That's what it seems to me. Sure 500 words is not enough, but most of the finalists focused more on backstory rather than developing their villain's activities.

And more than once I had to do a double-take when I read that the villain was not motivated or ambitious.

RPG Superstar 2013 Top 16 , Marathon Voter Season 6, Marathon Voter Season 7, Marathon Voter Season 8, Dedicated Voter Season 9 aka Darkjoy

I am disappointed as well. I am torn between voting for just two or for using all my votes but running the risk that that investment won't get me winners next round.

Secondly, too many monsters, a pure simple (demi-)human villain is not that much to ask? And, what is up with all the casters? Fighters can be villains too.

Tomorrow I am going to check on all entries once more, maybe some have that hidden spark I missed on the first pass, maybe I will just vote for the two I like.

The Exchange

Pathfinder Adventure Path Subscriber

It seems that I kind of disagree with most of the people posting in this thread as I'm not generally disappointed at all. To explain, let me go back to Round 2. When I had read through all 32 entries for the first time I immediately knew 17 entries who had no chance to get one of my votes. Over 50% I didn't find interesting, that is. And while I had no problems to decide for 4 of 5 countries immediately, there were around 8 entries which had really good chances to get the final fifth vote. The rest were kinda "have to look once more".

This time it is actually much harder to decide. I've been through all entries and this time, there are 4 "villains" which are immediately out (mostly because they aren't villains). Are those 4 bad stuff? By no means. I could actually see all of them popping up in a Dungeon-style adventure as the bad guy. They are quite obviously no villains, though.

So there are 12 entries this time which could garner my vote. I'm sure about two and I have at the moment some favorites for the other two votes, but in the end, my votes are still open. 75% I find good enough to take them into consideration. A much better result as in round 2.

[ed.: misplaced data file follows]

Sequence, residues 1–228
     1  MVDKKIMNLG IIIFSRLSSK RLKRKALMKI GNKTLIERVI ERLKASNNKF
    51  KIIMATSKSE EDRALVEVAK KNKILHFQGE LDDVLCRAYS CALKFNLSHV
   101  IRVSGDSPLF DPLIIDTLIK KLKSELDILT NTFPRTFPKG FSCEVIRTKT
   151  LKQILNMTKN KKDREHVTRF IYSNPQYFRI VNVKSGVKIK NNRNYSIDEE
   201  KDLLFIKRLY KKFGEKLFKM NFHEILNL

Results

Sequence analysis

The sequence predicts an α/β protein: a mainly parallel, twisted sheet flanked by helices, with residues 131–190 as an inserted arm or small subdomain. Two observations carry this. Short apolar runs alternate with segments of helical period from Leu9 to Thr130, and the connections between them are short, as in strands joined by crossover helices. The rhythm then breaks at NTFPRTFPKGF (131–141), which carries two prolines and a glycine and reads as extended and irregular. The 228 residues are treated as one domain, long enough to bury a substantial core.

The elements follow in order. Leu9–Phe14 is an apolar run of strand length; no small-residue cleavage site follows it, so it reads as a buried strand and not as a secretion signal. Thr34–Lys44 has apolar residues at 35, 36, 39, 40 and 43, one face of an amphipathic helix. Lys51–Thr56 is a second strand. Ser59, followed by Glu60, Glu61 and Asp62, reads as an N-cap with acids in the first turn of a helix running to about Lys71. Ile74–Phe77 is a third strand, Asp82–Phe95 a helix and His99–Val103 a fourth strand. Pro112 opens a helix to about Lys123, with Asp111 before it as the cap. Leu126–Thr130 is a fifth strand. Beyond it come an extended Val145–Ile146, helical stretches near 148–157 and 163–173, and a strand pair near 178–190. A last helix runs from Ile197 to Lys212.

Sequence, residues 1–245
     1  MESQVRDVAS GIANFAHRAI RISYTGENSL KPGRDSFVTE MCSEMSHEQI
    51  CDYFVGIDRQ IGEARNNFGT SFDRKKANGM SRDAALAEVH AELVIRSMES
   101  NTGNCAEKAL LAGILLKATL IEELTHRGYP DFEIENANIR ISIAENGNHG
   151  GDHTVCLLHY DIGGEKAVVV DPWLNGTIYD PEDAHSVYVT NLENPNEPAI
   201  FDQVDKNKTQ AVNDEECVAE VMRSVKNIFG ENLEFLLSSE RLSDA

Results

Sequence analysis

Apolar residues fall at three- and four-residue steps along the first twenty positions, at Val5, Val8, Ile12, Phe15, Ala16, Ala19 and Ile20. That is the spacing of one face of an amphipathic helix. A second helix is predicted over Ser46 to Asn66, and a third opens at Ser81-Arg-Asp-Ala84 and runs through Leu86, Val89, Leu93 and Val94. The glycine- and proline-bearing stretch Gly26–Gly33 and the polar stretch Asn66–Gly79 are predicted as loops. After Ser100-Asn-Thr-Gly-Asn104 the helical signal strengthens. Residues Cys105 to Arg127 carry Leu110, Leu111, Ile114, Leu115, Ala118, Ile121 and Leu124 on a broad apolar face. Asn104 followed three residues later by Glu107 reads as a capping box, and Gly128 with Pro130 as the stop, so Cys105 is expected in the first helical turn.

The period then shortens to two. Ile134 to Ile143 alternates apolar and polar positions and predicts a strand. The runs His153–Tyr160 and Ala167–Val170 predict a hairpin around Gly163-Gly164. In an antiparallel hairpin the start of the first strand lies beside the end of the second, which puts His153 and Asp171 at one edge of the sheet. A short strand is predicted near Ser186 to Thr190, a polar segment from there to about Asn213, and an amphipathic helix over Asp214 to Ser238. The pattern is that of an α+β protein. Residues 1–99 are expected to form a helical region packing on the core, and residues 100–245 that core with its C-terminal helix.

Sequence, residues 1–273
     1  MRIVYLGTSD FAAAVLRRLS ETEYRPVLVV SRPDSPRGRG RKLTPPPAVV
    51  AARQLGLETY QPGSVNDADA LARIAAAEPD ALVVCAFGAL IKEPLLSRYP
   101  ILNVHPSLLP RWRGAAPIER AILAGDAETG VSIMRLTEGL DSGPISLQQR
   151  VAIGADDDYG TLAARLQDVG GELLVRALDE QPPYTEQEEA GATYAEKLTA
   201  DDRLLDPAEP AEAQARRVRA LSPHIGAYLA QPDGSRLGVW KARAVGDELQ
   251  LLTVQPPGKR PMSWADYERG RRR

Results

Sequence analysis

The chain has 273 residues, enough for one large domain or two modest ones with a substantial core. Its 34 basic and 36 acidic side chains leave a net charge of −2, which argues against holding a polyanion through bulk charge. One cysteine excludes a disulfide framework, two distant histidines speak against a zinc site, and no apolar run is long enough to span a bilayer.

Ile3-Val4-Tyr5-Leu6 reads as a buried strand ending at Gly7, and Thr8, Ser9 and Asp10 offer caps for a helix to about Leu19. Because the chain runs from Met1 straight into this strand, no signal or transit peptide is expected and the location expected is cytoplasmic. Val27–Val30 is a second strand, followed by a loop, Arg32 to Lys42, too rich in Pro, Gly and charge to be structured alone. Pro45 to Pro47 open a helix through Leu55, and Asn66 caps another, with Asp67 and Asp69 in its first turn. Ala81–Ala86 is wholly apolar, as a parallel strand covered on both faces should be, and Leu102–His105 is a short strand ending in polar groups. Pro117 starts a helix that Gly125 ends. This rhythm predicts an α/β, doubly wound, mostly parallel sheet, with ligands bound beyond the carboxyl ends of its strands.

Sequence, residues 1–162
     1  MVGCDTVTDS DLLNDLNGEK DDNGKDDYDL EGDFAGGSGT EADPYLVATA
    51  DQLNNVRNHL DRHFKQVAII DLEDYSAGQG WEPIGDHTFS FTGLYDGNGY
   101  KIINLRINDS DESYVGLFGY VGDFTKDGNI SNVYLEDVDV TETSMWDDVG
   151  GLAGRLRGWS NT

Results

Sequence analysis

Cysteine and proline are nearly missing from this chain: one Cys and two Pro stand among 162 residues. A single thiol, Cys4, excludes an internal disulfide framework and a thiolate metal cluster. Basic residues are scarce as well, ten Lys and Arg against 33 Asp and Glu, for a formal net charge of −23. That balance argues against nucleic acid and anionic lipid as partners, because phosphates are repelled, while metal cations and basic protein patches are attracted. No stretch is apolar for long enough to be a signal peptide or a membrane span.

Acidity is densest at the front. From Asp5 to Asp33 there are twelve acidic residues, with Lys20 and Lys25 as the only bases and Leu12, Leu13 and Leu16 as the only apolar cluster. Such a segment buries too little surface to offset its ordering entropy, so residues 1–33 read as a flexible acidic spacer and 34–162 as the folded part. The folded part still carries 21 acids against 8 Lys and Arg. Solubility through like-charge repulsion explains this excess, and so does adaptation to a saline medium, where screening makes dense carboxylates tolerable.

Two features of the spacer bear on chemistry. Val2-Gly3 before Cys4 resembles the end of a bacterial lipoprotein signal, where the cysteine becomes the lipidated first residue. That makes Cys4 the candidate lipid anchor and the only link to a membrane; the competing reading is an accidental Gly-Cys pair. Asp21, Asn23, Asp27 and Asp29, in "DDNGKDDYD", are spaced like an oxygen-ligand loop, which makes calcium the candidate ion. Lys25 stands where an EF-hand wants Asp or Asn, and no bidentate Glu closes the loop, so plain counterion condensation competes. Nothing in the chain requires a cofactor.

I think the general disappointment may stem from the fact that we all were positively surprised by the awesomeness of many of the entries in round two (which were crunch-light, so the authors could focus on the story). This round tested the authors storytelling as well as their mechanical abilities so they couldn't focus on what is the more interesting part for most of the readers alone. Which makes this round much harder for the contestants.

I'm curious how people would think about Nualia or Aldern Foxglove, if James Jacobs and Richard Pett had been restricted to describe them in only 500 words. So this was quite a barrier too. And kudos to those contestants who left me with eyes wide open nonetheless.

Dark Archive Contributor, RPG Superstar 2008 Top 4

Set wrote:
It seems like, in our games, the most memorable villains are the ones who hurt the party in some way, but do so through *luck.* If I throw an archmage at them who Disjunctions half of their gear, they hate *me,* not the archmage. If something happens and a character ends up dying through a lucky crit (or, worse, their Animal Companion or Familiar buys it), and the villain manages to get away, then it's on! Blood vendetta. It seems to me that (in my gaming group at least) we can't make memorable villains, they have to kinda happen on their own.

I could not agree more! In a ton of the games I've run over the years, I've been shocked at who my PCs chose to hate - and who to ignore.

And you invest, as a DM, in what your players HATE.